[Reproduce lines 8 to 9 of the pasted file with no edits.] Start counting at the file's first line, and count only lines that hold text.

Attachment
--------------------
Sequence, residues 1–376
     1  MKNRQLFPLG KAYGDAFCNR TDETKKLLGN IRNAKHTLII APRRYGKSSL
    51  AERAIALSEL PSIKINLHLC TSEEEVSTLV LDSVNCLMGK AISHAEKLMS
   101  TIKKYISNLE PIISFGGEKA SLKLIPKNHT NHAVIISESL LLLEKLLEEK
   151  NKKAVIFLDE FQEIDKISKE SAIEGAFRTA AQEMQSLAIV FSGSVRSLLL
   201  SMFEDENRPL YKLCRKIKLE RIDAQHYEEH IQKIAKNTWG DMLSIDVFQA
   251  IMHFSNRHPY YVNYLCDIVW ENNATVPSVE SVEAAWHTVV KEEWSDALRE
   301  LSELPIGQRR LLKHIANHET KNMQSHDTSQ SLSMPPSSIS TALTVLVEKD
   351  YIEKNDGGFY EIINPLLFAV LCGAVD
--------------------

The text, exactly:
   301  LSELPIGQRR LLKHIANHET KNMQSHDTSQ SLSMPPSSIS TALTVLVEKD
   351  YIEKNDGGFY EIINPLLFAV LCGAVD